For ECC to create a trapdoor function, elliptic curve cryptography uses point multiplication, where the known base point is repeatedly added to itself. In such a case, let’s use a base point P, where the goal is to find 2P, as outlined below.
Above, a tangent runs from point P through point R, which is the intersection point. The reflection of that point is 2P. Suppose we want to continue this and to find 3P, 4P, and so on. Next, we join P and 2P and subsequently reflect this point over the intersection, and continue to do this for 4P. Illustrated below:
This is the multiplicative property of the graph because we are finding points that are a multiplication of an integer with the point itself. The result is what gives the function its trapdoor, known as the discrete logarithm problem.
If we represent a variable x as a 384-bit integer and multiply it with the base point P, the result is a point on the curve, called Z. Applied to cryptocurrencies, Z is public, but the original variable x is secret (private key). To determine x from Z and P, you would need to determine how many times P was added to itself to get the point Z on the curve. This problem is a form of modular arithmetic that is mathematically infeasible and is why ECC is so secure.
Use In Cryptocurrencies
When analyzing the need for digital signatures schemes in cryptocurrencies, there are 4 primary requirements of any given scheme that must be met for the signature scheme to be provably authentic and verifiable. These include:
- It should be provably verifiable that a signer of a transaction is the signer.
- The signature should not be forgeable.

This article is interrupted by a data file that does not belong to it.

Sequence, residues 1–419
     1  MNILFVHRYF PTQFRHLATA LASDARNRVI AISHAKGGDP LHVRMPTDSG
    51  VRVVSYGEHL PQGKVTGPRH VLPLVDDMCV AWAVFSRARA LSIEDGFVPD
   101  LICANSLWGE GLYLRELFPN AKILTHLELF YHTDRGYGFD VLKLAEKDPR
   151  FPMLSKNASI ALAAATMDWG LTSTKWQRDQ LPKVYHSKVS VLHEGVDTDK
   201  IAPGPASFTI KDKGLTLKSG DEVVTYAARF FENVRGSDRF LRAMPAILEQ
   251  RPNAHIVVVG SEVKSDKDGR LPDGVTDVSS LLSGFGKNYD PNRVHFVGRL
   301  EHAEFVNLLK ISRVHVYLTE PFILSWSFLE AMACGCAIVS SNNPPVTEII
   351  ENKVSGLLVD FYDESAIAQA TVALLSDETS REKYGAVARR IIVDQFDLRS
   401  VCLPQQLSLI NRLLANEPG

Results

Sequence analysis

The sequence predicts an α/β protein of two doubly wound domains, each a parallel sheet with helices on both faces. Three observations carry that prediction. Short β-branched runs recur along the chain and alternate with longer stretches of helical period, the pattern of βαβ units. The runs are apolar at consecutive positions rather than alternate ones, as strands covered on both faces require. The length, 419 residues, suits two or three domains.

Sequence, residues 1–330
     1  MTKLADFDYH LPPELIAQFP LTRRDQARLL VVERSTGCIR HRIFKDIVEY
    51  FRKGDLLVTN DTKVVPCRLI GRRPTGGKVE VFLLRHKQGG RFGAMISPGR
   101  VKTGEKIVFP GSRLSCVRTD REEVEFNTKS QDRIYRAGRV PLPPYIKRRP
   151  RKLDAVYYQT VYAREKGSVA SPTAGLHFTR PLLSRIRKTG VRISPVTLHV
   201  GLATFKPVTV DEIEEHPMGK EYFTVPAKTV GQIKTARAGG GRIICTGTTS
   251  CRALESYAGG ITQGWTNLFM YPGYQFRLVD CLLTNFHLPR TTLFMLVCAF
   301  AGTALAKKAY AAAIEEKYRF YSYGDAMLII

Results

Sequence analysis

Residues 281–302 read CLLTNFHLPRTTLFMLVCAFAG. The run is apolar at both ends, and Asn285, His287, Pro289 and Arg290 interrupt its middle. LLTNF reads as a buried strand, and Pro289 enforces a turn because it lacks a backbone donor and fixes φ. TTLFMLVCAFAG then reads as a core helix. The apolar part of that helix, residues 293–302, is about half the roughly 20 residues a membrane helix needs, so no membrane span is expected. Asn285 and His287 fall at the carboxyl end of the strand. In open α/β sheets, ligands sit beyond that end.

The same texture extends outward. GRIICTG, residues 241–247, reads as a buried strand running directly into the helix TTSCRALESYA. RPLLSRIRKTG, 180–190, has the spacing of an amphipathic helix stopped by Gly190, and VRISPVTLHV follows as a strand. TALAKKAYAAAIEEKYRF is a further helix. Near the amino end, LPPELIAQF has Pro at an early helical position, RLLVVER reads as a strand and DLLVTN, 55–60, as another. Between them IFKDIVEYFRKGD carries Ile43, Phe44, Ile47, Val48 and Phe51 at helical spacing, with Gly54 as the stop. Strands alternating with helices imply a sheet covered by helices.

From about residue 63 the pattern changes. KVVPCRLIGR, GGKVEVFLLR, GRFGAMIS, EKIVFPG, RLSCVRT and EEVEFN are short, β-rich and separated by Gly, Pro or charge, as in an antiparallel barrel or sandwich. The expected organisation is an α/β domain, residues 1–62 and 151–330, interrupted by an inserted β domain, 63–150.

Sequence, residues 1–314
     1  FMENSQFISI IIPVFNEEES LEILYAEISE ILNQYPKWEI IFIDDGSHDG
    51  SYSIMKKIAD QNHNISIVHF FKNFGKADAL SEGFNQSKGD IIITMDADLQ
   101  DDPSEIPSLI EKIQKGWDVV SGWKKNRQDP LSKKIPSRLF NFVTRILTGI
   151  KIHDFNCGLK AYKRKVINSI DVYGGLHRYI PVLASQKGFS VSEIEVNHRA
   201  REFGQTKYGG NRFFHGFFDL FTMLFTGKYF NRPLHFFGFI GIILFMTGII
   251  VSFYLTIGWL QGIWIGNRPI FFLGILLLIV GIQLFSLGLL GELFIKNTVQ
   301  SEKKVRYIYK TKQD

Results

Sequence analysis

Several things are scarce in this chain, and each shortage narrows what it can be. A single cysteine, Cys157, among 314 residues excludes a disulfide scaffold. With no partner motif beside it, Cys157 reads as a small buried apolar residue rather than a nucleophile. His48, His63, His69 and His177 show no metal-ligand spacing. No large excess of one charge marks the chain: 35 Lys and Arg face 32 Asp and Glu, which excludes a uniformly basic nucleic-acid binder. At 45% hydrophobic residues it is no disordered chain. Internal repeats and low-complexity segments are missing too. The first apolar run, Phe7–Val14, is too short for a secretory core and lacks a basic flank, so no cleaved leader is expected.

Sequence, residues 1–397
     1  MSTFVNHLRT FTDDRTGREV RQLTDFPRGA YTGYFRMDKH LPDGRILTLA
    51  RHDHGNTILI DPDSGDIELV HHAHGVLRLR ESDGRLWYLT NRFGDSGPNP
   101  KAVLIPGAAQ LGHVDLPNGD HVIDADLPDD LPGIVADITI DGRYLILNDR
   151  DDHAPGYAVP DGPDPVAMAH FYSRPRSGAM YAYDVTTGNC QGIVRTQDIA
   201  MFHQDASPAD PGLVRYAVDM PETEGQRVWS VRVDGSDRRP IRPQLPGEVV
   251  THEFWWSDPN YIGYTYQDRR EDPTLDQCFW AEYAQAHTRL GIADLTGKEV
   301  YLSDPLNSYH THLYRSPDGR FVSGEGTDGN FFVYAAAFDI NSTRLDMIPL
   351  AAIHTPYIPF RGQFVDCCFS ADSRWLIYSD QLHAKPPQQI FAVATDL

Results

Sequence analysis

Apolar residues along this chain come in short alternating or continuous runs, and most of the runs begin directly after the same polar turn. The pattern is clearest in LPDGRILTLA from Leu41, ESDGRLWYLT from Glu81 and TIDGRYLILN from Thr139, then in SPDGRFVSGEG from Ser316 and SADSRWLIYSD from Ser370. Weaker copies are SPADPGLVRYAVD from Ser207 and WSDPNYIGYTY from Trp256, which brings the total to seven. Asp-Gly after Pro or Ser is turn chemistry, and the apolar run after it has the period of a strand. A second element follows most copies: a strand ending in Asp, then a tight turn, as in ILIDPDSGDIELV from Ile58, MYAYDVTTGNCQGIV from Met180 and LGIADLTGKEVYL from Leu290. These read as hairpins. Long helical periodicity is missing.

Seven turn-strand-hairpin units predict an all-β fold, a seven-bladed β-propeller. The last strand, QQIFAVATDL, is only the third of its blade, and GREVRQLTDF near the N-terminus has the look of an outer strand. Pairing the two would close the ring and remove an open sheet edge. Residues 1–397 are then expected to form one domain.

- The signature needs to be non-repudiable, meaning signatures are final and cannot be associated with another identity.
- It should be computationally infeasible to derive the private key from a corresponding public key.
Elliptic Curve Cryptography satisfies all 4 conditions and is also particularly effective in doing so. Using ECC, the (x, y) coordinates of a point on the graph would be your public key, and the 384-bit random integer x would be your private key.
It is also possible to prove to somebody that you know the value of x, without actually revealing what x is. This property further helps to satisfy the necessary conditions for sustainable use in a digital signature transaction scheme.
The use of ECC in digital signature schemes for cryptocurrencies is exceptionally secure. However, concerns have been raised recently regarding the future potential of quantum computers and their substantial power having the ability to break ECC. Although its possibility is considered to be years away, Shor’s algorithm would theoretically be able to compute discrete logarithms on a hypothetical quantum computer with sufficient power.
Various cryptocurrencies have taken a forward-thinking approach to the potential threat raised by quantum computers by implementing quantum-resistant algorithms as the foundation of their digital signature schemes. Even the NSA in 2015 announced its planned future transition away from ECC, and to a different suite of ciphers for its encryption needs due to the looming inevitability of quantum computing power.
These concerns are primarily speculation at this point, as the quantum computing power necessary for Shor’s algorithm to compute discrete logarithms is substantially higher than even the most powerful early-stage quantum computers in existence today.
Looking ahead, successive generations of cryptocurrencies may eventually transition to more advanced encryption methods for securing their transactions, and potentially Bitcoin and Ethereum may need to make the same transition.
For now, ECC and other digital signature schemes utilizing trapdoor functions remain some of the most secure encryption methods in the world and should continue to remain so for some time.